The LRCA (Cole Schisler photo)

The LRCA (Cole Schisler photo)

LRCA Food Bank sees outpouring of community support during COVID-19

The food bank remains open and has adopted enhanced safety measures

The LRCA’s Food Bank has adopted enhanced measures to ensure safe delivery of food during COVID-19.

Only one client can come into the food bank at one time, and people have to keep a distance of six feet while waiting in line. The door to the food bank is kept open to minimize touchpoint contact. A LRCA staff member stands at the door and lets people in. As a client comes in, they must use hand sanitizer provided by the LRCA, and hand sanitizer on the way out.

For the transfer of food, LRCA staff members bag the food, place it on a table, and the clients pick up the food from the table, rather than directly from the staff member.

LRCA staff have adopted a strict cleaning regiment. All touch surfaces and food packaging are cleaned and wiped down. Staff are also regularly sanitizing and washing their hands.

Although many grocery stores were seeing limited supplies of certain items at the out set of the North American COVID-19 crisis, the LRCA food bank benefited from a large amount of donations that came in at Christmas time.

“We’re purchasing produce, as usual. The places we’re most impacted is recovered food,” LRCA food security coordinator, Paula Masyk said.

Recovered food is bread and meat supplies that near their expiry date, and are donated to the food bank. Although recovered food items have been lower, Masyk says donations have continued to pour in from the community.

“The community has been unbelievably generous. There’s a lot of cash donations coming in, and people offering things. Stores have helped us in a variety of ways. The 49th called us and said if we need anything, they’ll supply us with it.”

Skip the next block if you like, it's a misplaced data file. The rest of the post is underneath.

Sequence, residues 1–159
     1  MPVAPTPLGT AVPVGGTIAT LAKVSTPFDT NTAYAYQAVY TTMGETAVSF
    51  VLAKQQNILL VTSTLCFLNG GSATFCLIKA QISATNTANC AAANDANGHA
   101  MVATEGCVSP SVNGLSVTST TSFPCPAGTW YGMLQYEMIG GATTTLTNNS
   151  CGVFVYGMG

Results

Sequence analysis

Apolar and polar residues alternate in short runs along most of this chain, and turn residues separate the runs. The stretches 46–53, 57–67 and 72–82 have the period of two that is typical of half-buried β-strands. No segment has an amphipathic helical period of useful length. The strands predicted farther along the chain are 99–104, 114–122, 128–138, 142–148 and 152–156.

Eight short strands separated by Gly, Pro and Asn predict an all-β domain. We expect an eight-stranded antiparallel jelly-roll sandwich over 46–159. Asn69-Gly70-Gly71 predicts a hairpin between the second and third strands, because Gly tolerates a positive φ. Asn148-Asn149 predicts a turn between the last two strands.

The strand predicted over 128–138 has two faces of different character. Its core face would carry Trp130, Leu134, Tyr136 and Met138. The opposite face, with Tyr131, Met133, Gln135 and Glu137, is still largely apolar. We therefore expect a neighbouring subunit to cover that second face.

Masyk said the LRCA saw an increase in clientele before the COVID-19 crisis took hold. She noted that there was an increase in clientele tied to the eight month WFP strike, however a multitude of factors led to the increase. There was also a brief increase of clientele from other parts of the Cowichan Valley as the Duncan food bank was briefly closed due to a possible COVID-19 exposure. The Duncan food bank has now reopened.

The food bank is giving out the same portions to clients as they did before COVID-19. Due to provincial health guidelines, the LRCA soup kitchen was closed. Soup kitchen meals can still be picked up, but individuals cannot come in to eat their meal at the LRCA.

Prime Minister Justin Trudeau announced on April 3 that Canada would invest $100 million to access food. Organizations like Food Banks Canada, Salvation Army, Second Harvest, Community Food Centres, Canada, and Breakfast Club of Canada will be the primary recipients of these funds. It is unclear at this time how the LRCA food bank will benefit from the newly available funds.

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